How Do Reptiles Shed? (Explained and Quick Facts)

If you’re planning to get a pet lizard or snake (or already own one) you may be curious to understand a little more about one of their most fascinating biological processes – shedding their skin. Skin shedding is perfectly natural for reptiles, but it can look bizarre and almost painful to us, so let’s learn a little more about how this works.

Reptiles periodically outgrow a layer of skin throughout their lives, shedding their old skin in patches or sometimes in one whole piece, as with snakes. When their old skin layer is ready to shed, it peels off their body, leaving behind a paler reptile-shaped shell and a healthy new layer beneath.

The shedding process can be clean and smooth or a little patchy and incomplete depending on the species and their care such as improper humidity, lighting, and malnutrition. To help you understand more about reptile shedding, let’s answer a few common queries from why and when shedding occurs to what you can do to help your pet reptile shed as effectively as possible.

What is It Called When a Reptile Sheds?

The process of skin shedding in reptiles is known as ‘ecdysis’ which derives from the ancient Greek term ‘ékdusis’ meaning to ‘strip’ or ‘take off’.

The familiar signs that your pet reptile is getting ready to shed include:

  • Skin becoming duller and paler in color
  • Eyes begin to turn cloudy and blue
  • They no longer like to be held or petted
  • They have a decreased appetite
  • They may begin hiding more often than usual

Why Does a Reptile Shed?

Because reptile skin doesn’t grow with them and accommodate their development like a human’s elastic, stretchy skin, reptiles cannot grow unless they say farewell to a layer of skin every now and again. Without the ability to shed, their skin would become tighter and tighter until it started to give way with painful results!

So reptiles will shed or molt their skin and expose a new layer underneath, This not only enables them to grow larger in a comfortable way but shedding their old skin layer also allows them to get rid of mites and other parasites feeding off them.

Humans shed their skin all the time, it just happens so gradually that we barely notice it (other than when dust starts to accumulate in our home!).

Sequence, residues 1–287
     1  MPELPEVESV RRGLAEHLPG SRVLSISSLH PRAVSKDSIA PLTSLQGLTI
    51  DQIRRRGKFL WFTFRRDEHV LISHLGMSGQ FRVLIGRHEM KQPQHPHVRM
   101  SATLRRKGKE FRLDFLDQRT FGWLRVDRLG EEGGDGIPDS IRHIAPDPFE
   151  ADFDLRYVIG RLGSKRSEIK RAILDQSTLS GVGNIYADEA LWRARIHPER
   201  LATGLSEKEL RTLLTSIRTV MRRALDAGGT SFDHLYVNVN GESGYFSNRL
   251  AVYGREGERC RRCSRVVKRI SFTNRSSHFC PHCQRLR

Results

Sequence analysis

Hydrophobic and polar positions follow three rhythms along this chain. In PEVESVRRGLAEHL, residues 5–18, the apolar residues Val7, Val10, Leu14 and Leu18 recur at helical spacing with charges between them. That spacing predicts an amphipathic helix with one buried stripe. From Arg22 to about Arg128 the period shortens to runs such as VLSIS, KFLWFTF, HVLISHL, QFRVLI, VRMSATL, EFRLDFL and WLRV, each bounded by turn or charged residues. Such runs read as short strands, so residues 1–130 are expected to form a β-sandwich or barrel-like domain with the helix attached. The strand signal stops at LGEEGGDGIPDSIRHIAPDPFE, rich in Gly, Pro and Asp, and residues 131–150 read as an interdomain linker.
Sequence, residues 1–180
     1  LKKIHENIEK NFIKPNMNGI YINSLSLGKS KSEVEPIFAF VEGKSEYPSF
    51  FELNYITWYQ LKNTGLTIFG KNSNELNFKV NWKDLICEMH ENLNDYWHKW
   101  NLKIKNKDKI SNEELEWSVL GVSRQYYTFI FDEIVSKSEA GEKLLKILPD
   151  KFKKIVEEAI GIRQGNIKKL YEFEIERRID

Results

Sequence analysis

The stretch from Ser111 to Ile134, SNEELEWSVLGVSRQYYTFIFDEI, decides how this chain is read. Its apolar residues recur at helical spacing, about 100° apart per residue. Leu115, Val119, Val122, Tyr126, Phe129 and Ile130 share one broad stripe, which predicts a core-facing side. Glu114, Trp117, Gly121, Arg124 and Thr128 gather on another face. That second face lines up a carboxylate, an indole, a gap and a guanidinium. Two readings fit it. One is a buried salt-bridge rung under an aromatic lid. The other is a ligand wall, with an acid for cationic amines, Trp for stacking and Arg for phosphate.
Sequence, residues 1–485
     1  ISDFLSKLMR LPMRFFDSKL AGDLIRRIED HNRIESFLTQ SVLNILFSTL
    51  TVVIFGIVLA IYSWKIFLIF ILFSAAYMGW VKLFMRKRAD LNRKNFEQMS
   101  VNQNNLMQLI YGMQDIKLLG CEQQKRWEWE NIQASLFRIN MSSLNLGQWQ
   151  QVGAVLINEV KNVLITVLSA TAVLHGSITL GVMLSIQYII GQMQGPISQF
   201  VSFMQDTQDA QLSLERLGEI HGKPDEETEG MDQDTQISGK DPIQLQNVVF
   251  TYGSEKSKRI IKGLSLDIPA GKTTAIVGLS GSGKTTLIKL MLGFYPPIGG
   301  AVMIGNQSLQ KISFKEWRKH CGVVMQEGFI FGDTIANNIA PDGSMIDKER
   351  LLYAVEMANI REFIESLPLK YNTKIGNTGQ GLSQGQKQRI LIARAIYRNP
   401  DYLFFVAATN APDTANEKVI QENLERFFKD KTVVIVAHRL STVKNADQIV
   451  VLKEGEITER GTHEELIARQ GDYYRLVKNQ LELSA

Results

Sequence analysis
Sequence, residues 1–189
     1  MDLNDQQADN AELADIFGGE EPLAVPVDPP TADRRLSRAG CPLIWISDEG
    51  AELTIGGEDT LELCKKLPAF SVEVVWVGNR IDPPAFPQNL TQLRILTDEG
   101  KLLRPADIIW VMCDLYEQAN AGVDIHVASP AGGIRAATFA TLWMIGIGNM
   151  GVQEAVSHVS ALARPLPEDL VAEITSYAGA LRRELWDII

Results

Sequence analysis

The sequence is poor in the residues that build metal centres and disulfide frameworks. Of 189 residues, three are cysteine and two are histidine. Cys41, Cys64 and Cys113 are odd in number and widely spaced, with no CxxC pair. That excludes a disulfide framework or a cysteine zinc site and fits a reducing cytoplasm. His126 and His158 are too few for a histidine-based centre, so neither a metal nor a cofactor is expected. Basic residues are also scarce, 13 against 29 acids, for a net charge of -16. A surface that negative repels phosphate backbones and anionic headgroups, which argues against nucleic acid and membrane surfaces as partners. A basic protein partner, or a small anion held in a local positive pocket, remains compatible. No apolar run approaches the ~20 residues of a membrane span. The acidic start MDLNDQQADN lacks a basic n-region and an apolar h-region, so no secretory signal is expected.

What Helps Reptiles Shed their Skin?

Warm water is a key ingredient to help with reptile shedding as this humidifies and loosens the skin, making it a lot easier to peel off. So to help your pet reptile shed more effectively, let them soak in a tub of warm water a few times each day during their shed. You can also mist them with warm water. This is especially helpful for tortoises as it helps you cover their entire shell evenly.

As well as bathing your reptile in warm water, you can also encourage the shedding process by building them a humidity hide box. This is a box or tray that is placed inside their enclosure that acts as a micro-climate of extra humidity by containing damp substrate like sphagnum moss and other materials. Your reptile will love the hideaway element too as they love to be left alone while they’re in the shedding process.

Never help your reptile to shed by pulling off their old skin layer. As well as the fact this may cause them some distress and sensitivity, removing old skin forcibly instead of letting it naturally shed will actually cause injury to the new skin layer forming beneath. This is because as yet undeveloped keratinous scales lie just beneath the old, so hurrying along the shedding will disrupt the growth of healthy, new skin.

What is Reptile Shed Made Of?

In the case of a snake shedding, the old dead skin layer is made up of scales that contain keratin (this is the same protein that our hair and nails are made up of).

This is much the same for all reptiles though from tortoises to a gecko or iguana, the tough outer layer is made from keratin and sheds either in patches like tortoises (shedding in sections on their neck, legs, and shell) or in one whole piece like snakes (leaving behind one whole snake-shaped ‘tube’ of dead skin), replacing all the scales on their body.

Do All Reptiles Shed?

Yes, all reptiles shed their skin as they develop since their skin lacks the elasticity of mammalian skin which adapts with their increasing size. Reptiles can’t grow and develop healthy new skin without being able to shed.

When Do Reptiles Shed their Skin?

Healthy reptiles will normally shed between 3 to 6 times per year as adults and will shed much more frequently when they are younger as they are still developing and growing at a much faster rate. A less healthy reptile, however, will shed less frequently than normal.

The entire shedding process can take around 1 to 2 weeks in total and the speed of shedding will depend on the reptile species, size, age, health, and environmental factors such as humidity levels. Every reptile species requires a certain humidity range within their enclosure – tortoises, for example, enjoy humidity levels set between 70-100% whilst many snakes prefer levels around 50-60%.

Unlike lizards and tortoises which stop growing after 1 to 7 years, snakes continue to grow for their whole lives and so they never really stop shedding their skin until their death.

Is it Painful for Reptiles to Shed?

Shedding isn’t necessarily painful for reptiles, but it may be itchy and irritating for your pet, especially if they shed in patches or are struggling to shed their entire dead skin layer for longer than normal. As above-mentioned, there are plenty of practical things that owners can do to make the process more comfortable for them such as providing extra humidity.

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